LocalBitcoins Implements KYC/AML Customer Identification Procedures

LocalBitcoins, a global web-based service founded in Finland that allows sellers and buyers of Bitcoins to coordinate sales and meetings has announced that it will be requiring users to provide proper identification from now on.

The announcement follows the implementation of new laws governing such activities by the Finnish Parliament.

According to an announcement from LocalBitcoins:

 “On Wednesday 13th March 2019, the Finnish Parliament has voted and approved a proposal for a new Act on Virtual Currency Service Providers and an amendment to the Act on Detecting and Preventing Money Laundering and Terrorist Financing (“AML law”) that will bring virtual currency services (i.e. custodian wallet providers and exchanges) like LocalBitcoins under the AML law supervised by the Financial Supervisory Authority of Finland.”

Though Finland’s new legislation will not come into full effect until November, LocalBitcoins says it has already embarked upon new registration procedures at its site.

These involve users “verifying” identity information they provide.

The company claims that verification will ultimately enhance trading and prevent the creation of bad accounts:

“On Monday 18th March, we have launched a new account registration process where users can verify basic information already during sign-up, making it easier for the newcomer to find trading partners from day 1 and increasing the number of suitable customers to advertisers as well as inhibiting the creation of illegitimate accounts.”

LocalBitcoins also says that, “as requested by many users,” it is working to streamline its ID verification process, and that its solution has involved the creation of “4…account levels”:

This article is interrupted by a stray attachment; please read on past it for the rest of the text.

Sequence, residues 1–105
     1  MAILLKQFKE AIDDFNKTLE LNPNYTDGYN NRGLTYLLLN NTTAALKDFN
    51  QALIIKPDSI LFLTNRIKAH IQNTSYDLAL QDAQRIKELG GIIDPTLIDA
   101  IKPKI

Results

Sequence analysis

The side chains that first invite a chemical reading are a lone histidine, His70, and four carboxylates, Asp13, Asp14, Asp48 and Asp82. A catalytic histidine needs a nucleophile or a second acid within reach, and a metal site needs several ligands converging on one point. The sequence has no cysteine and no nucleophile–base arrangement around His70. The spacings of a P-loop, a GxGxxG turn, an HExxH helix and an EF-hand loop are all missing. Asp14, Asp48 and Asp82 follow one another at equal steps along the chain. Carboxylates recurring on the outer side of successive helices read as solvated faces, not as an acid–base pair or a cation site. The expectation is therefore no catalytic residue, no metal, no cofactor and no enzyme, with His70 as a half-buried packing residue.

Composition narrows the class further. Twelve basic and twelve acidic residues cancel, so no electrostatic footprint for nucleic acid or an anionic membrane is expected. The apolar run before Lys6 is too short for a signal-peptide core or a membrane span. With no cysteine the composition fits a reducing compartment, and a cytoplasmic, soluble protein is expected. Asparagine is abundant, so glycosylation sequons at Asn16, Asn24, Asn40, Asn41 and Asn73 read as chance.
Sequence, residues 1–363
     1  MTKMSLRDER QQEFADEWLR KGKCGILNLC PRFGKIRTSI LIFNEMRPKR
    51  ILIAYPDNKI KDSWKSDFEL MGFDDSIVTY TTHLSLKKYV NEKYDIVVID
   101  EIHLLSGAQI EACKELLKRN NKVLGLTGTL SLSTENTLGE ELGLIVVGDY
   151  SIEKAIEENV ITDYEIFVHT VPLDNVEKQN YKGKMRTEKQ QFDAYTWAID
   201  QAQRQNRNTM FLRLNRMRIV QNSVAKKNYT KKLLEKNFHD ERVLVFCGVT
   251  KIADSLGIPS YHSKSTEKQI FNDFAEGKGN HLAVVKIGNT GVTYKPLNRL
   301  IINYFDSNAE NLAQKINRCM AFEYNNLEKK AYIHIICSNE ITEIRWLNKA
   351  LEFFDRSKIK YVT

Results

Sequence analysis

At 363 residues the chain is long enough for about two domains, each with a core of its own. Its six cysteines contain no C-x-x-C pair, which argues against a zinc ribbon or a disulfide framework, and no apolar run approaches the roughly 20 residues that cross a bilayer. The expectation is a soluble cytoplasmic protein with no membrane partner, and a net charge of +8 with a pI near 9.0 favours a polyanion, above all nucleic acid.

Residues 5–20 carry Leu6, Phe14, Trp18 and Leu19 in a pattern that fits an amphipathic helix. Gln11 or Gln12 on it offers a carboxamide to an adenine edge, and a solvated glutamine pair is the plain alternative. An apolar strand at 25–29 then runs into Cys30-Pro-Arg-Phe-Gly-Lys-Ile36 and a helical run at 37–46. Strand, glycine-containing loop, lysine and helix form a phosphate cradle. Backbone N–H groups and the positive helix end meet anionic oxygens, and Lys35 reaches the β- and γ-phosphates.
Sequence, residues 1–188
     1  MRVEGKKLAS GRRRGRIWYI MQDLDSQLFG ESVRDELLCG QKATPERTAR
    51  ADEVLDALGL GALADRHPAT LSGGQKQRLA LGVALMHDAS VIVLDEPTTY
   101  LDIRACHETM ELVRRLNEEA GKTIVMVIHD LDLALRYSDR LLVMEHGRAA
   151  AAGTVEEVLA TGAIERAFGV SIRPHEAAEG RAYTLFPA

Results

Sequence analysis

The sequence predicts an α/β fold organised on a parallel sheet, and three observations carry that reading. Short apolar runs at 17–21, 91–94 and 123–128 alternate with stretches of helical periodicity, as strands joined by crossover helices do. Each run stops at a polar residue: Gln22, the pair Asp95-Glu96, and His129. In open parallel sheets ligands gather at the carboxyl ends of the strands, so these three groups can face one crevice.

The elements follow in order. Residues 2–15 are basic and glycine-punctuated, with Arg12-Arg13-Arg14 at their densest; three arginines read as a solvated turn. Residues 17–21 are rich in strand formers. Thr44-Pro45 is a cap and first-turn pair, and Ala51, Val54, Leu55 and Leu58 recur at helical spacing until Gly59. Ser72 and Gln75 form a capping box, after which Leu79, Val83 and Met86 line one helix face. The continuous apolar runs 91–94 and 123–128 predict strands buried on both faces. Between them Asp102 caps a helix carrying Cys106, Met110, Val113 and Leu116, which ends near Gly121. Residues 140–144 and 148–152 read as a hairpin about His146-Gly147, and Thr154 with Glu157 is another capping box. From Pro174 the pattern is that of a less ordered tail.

“The new id verification system will introduce 4 individual account levels per trade and BTC transaction volume, that should increase trustworthiness and add distinction to the user profile. Corporate accounts will undergo a separate verification process. More details on each account level and verification requirements will be announced as soon as possible and we will keep you informed about all relevant changes through blog posts and/or social media updates.”

The company website says its services allow, “…people from different countries (to) exchange their local currency to Bitcoins. The site allows users to post advertisements where they state exchange rate and payment methods for buying or selling Bitcoins. The user replies to these advertisements and agrees to meet the person to buy Bitcoins with cash, or trade directly with online banking. Bitcoins are placed in LocalBitcoins.com web wallet from where you can pay your Bitcoin purchases directly.”

Over the years, activity on LocalBitcoins has periodically boosted when certain regions, including Venezuela and Iran, have been experiencing particularly bad periods of inflation and/or social unrest.

At least 4 LocalBitcoins dealers in the US have also been prosecuted for either processing more than $10 000 USD in Bitcoins or cash in a single sitting, failing to report the transaction, processing drug money or failing to register as a money-services business.

Last October, Jacob Burrell Campos, 21, pleaded guilty in San Diego to operating an unlicensed money business via LocalBitcoins.

Mr Campos allegedly admitted that he traded hundreds of thousands of dollars of Bitcoins with almost 1000 clients across the US while working as a LocalBitcoins trader between January 2015 and April 2016.

Campos was also accused of smuggling an estimated $1 million in cash across the US border with Mexico in $10 000 increments during frequent border crossings.

In August, Thomas Mario Costanzo, 54, also known as ‘Morpheus Titania,’ was sentenced to 41 months’ imprisonment (with credit for time served) after being convicted of trading Bitcoins for drug money while working as a LocalBitcoins trader.

In July, LocalBitcoins dealer Theresa Tetley pleaded guilty in Los Angeles to running an unregistered money transmission business and laundering drug money for bitcoins.
She was later sentenced to spend a- year-plus-one-day in prison.
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